Biotechnology HPC Software Applications Institute (BHSAI)

BHSAI Director ‘Heats’ Things Up in Quebec at the 5th International Congress on Soldiers’ Physical Performance (ICSPP)

March 31, 2020   |  Download PDF

Banner of the 5th International Congress on Soldiers' Physical Performance


At the 5th International Congress on Soldiers’ Physical Performance (ICSPP), which was held in mid February, at the Fairmont Le Château Frontenac in Quebec City, Dr. Jaques Reifman, Director of TATRC’s Biotechnology High Performance Computing Software Applications Institute (BHSAI), delivered three highly regarded presentations on heat stress, Warfighter alertness and core body temperature estimation to a crowd of over 500 participants focused on optimizing the physical performance of the men and women serving our respective countries. The ICSPP is the most important international congress in applied military human performance research and attracts experts from all over the world. The congress covers a broad range of disciplines including physical training programs and adaptions, occupational and physical performance, testing and assessment, injury prevention, public health and health promotion, nutritional considerations, human factors, ergonomics, equipment design, biomechanics, load carriage, gender integration issues, thermoregulation and environmental issues, deployment considerations, and psychological and cognitive factors.

Dr. Reifman’s first presentation was entitled, “A 3-D Virtual Human Thermoregulatory Model to Predict Heat-Stress Responses.” He highlighted that BHSAI scientists demonstrated the ability of the model to estimate increases in organ-specific temperatures, which often exceeded the core body temperature, when subjects were exposed to environmental and exertional stressors (data provided by the University of Connecticut). The model will afford the ability to link increases in organ temperature with decreases in physical and cognitive performance, providing a unique opportunity to readily compare and contrast dozens of existing and future cooling strategies for the human body, which cannot be evaluated experimentally.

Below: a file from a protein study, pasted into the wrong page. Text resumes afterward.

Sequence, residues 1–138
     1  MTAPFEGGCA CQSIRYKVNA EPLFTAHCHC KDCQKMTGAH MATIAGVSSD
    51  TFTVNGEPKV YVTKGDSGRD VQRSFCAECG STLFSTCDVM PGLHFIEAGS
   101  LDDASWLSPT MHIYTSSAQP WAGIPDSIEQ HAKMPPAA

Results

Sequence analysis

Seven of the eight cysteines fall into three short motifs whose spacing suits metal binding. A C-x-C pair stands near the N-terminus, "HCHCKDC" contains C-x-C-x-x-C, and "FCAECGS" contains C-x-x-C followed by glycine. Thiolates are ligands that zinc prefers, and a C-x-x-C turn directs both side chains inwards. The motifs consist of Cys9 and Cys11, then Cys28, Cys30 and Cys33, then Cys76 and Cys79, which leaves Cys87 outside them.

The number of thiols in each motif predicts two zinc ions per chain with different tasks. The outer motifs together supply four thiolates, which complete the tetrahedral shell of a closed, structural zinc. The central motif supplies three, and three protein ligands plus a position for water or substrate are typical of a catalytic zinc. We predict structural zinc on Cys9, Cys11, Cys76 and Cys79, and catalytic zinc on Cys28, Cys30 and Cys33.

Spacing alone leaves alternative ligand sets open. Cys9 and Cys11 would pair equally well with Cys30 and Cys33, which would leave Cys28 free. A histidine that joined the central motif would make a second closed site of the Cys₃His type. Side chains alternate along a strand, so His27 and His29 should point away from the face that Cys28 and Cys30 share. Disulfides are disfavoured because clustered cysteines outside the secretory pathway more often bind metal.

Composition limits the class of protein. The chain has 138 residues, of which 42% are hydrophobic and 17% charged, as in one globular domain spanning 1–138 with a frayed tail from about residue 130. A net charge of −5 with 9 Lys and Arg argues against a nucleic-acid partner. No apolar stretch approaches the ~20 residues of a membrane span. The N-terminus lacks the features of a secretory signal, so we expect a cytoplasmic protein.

The second presentation focused on “Individualized Interventions to Optimize and Enhance Warfighter Alertness.” Using a recently developed caffeine optimization tool, BHSAI researchers showed that for a group of subjects, the tool provided recommendations that were safer and more efficient than those provided by the group-average recommendations, both for subjects highly vulnerable and those least vulnerable to sleep deprivation (data provided by the Walter Reed Army Institute of Research). This unique tool will help to mitigate the risk of Warfighters with impaired alertness making mistakes, by providing optimal caffeine recommendations that consider the individual’s response to sleep loss.

Dr. Reifman’s presentations concluded with the third and final address entitled, “An AI System for Real-Time Individualized Core Body Temperature Estimation.” This presentation highlighted BHSAI scientists who developed an AI algorithm that provides accurate, real-time, individualized estimates of core body temperature that serve as reliable surrogates for invasive measurements usually obtained by rectal probes (the conventional gold standard method). They showed that the algorithm performed well even when the same subject was exposed to different environmental conditions, and when it was provided with non-invasive measurements involving missing or unreliable data (data provided by multiple institutes in Israel and New Zealand). As heat-related injuries pose a threat to the health and operational effectiveness of Warfighters in hot and humid environments, the algorithm, which is already integrated into a hardware/software system, will help reduce the risk of heat injuries during training and military operations.

The ICSPP Conference is held every three years and the next event will be held in the United Kingdom in 2023.



This article was published in the September 2020 issue of the TATRC Times.


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